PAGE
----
Last night, I spent most of my dreamtime getting stuck in labyrinths. That’s probably my Unconscious working through my conscious struggle of trying to breakthroughs with my new writing project.
I’m going to honor Hypnos (and perhaps one of the Muses) by presenting these reviews of Orphée (Jean Cocteau, 1950) and Orfeu Negro (Marcel Camus, 1959), two takes on the story of Orpheus.
The story of Orpheus
The story of Orpheus
According to the greek poets, Orpheus was the son of King Oeagrus and the muse Calliope. Thanks to the gifts from his mother and her friend Apollo, Orpheus was the master of song. His music could shame birdsong and cause the rivers to change course. It was greater than any music the gods themselves could create.
Orpheus fell in love with Eurydice but on their wedding day she was bitten by a viper and died instantly. In his grief, Orpheus travelled to the underworld in order to get her bring back from the dead. His music gained him entrance, got him onto Charon’s boat, soothed Cerebus, and won the hearts of Hades and Persephone. They agreed to let Eurydice return with him to the upper world, but with one condition: as she would walk behind him during the trip back to the earth, he could not, under any circumstance, turn around to see her until they were both above. Orpheus agreed to this and began his travel back with Eurydice behind him. At the edge of the upper world, out of anxiety and excitement, Orpheus turned around to see her. But it was too early; she had not yet crossed out of the underworld. She vanished, forever.
Orpheus finished his life angry with the gods, no longer worshiping any of them. Dionysus’ followers tore his body to pieces and scattered them into the river Hebrus. His lyre went to the heavens to sit amongst the stars. The Muses buried his body at the base of Olympus, where the nightingales still sing over his grave. Ultimately, his soul joined Eurydice in the underworld.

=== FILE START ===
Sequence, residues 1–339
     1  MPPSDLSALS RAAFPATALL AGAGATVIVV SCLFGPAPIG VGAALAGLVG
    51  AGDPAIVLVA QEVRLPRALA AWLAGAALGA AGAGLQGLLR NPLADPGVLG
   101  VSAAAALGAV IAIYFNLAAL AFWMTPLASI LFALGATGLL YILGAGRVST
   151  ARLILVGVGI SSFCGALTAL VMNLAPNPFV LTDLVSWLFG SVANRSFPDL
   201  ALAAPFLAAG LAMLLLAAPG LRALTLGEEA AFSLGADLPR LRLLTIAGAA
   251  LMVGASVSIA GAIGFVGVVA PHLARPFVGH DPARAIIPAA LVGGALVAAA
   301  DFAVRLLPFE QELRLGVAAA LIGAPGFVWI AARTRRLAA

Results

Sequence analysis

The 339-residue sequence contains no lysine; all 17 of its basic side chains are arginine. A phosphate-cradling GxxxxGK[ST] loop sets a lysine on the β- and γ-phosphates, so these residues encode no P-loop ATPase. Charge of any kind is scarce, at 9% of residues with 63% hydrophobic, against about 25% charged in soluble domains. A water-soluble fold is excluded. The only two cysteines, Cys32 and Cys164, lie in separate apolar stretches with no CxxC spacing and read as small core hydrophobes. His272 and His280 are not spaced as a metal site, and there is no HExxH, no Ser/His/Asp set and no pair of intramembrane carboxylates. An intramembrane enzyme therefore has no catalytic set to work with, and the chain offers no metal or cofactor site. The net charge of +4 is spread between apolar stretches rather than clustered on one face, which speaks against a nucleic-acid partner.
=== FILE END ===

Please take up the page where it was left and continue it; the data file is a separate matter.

Now I’m going to take a look at two cinematic takes on this tale:
Orphée (Jean Cocteau, 1950)
One important element in film (and art) criticism is to ignore the author’s intent and instead focus on the individual film’s standing within the medium and its relationship to the viewer. Unfortunately, all of the formal studies on Orphée that I’ve read focus entirely on Cocteau’s intent: “Cocteau said ____ meant ____”. I’m going to ignore Cocteau’s intent because his work should stand on its own.
|(GREAT screenshot from sohothedog.blogspot.com)|
Let me focus on the good stuff first.
My favorite conceit (in a film of plenty conceit) is that Death, known as The Princess, falls in love with Orpheus. María Casares (fantastic in Children of Paradise) is luminous and lovely as The Princess. Conflicting emotions burn quietly within her until they tumble out in short bursts. The struggle between her job and her desires really makes her the protagonist as she undergoes the deepest arc of all the characters.
The special effects surrounding Death are done all in camera and so well placed that despite of (or because of) their dated nature they work hypnotically. Bodies are lifted up off the floor. Walls are climbed horizontally. People glide through watery mirrors effortlessly. It sets up an atmosphere of dream and dread.
François Périer (great in Le Samourai) shines in his ghostlike role as Death’s chauffer, torn between being Orpheus’ confidant and Eurydice’s lover. The leather clad motorcyclists as the harbingers of Death are a great touch; you know someone’s dying when they come racing through the scene. I liked the quick camera-negative Nosferatu homage in the first trip to the underworld. The mysterious radio station from nowhere, churning out poetry, works well as a metaphor for that stream of inspiration that all artists desire to capture.